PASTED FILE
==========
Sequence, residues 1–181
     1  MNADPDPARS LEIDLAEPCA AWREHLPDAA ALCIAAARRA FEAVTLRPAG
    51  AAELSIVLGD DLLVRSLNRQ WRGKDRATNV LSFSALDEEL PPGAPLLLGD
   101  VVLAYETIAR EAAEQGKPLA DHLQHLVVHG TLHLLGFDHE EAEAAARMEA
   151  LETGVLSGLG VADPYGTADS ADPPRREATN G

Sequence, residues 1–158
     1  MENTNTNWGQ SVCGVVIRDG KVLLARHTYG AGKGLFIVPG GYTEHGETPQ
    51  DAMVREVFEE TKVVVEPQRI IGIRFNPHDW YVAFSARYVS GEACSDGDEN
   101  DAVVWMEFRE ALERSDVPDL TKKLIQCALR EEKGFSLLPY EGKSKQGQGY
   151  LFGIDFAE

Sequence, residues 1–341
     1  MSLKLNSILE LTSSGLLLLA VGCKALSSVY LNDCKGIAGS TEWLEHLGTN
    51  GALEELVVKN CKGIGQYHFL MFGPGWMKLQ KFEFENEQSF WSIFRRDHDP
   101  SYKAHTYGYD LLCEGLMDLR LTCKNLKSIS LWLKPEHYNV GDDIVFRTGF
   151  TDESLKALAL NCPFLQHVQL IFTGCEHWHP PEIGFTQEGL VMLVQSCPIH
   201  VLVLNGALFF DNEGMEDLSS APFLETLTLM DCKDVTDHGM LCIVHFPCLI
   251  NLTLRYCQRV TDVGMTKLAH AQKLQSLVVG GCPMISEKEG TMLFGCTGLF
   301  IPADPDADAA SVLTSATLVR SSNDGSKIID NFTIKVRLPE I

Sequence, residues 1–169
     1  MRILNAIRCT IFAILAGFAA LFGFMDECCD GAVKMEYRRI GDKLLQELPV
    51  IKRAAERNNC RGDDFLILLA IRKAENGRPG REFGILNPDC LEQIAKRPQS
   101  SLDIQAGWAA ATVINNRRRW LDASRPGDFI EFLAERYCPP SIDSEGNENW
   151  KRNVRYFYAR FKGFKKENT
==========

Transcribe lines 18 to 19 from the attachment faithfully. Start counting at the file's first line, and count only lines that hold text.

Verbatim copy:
   301  IPADPDADAA SVLTSATLVR SSNDGSKIID NFTIKVRLPE I

Sequence, residues 1–169